Rush: People Who Escape Poverty are Treated as 'Suspects,' 'Enemies of the Country'
Rush Limbaugh said that people who escape poverty are treated as 'suspects' in discussing the latest article by the Associated Press on income inequality, which calls financial success a barrier to equalizing income:
"Fully 20 percent of U.S. adults become rich for parts of their lives, wielding outsize influence on America's economy and politics. This little-known group may pose the biggest barrier to reducing the nation's income inequality."
Here is what Limbaugh had to say:
"Lowering taxes gets more people hired. If the business has to pay less in tax to the government, it's got more money to hire and pay people to work for it. This is amazingly still a big argument. And everything I just mentioned to you, the Democrat Party totally disagrees with. They believe in redistribution. Taking as much from everybody, and then giving it to people they think are disadvantaged or discriminated against. And in the process, everybody becomes lower middle class over time. So we have people in poverty, and the Democrat Party, leftists, and so forth speak of them as though they are the virtuous ones."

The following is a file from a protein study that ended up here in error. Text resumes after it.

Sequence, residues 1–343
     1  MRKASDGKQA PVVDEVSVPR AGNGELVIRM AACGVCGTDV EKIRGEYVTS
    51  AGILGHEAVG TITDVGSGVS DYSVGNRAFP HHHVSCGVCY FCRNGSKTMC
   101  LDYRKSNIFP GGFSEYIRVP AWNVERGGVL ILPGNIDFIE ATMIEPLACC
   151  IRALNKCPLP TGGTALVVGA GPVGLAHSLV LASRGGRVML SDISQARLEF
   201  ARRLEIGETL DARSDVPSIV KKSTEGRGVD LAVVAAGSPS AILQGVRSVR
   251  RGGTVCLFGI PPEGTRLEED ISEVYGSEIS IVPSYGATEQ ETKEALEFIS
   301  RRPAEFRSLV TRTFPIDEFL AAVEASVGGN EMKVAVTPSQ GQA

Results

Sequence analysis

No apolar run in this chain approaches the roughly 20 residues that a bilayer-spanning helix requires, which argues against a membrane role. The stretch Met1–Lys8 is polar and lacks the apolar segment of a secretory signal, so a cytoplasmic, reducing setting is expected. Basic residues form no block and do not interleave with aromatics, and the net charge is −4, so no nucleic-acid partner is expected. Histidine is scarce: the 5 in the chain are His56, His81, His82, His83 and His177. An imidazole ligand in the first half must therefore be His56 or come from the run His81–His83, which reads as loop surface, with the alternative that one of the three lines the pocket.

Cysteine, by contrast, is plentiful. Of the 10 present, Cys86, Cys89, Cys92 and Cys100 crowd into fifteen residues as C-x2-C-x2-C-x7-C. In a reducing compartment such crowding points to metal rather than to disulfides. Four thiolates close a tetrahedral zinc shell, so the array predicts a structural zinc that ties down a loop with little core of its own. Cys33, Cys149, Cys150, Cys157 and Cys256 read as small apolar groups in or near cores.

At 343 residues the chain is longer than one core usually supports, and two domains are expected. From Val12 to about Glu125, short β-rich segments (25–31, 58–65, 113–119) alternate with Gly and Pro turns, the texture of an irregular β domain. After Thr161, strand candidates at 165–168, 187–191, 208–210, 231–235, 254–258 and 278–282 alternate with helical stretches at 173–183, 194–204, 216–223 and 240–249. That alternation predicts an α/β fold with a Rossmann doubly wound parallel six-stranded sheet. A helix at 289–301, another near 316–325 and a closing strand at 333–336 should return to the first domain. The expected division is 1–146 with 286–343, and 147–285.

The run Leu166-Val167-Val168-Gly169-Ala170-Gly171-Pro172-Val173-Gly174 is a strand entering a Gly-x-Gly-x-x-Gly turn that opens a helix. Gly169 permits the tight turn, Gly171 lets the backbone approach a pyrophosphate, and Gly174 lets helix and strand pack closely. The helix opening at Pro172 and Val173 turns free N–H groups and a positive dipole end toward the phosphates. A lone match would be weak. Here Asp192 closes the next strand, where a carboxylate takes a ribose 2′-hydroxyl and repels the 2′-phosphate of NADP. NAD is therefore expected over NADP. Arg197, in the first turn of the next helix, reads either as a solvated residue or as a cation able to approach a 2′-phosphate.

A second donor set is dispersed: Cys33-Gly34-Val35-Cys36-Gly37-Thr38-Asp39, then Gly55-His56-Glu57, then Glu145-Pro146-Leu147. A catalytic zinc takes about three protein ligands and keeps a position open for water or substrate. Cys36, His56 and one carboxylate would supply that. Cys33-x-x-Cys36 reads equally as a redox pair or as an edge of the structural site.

"The people who have worked hard, who have escaped poverty, who have gone through the various income levels to become middle class, upper middle class, rich, wealthy, they all of the sudden have become the enemies of the country.
"So, while we, on the one hand, encourage people to escape poverty, when they do, we treat them as suspects. We target them, and then we start blaming them for the evils, the societal and economic evils that exist in the country. And that's how you get asinine pieces like this in the Associated Press."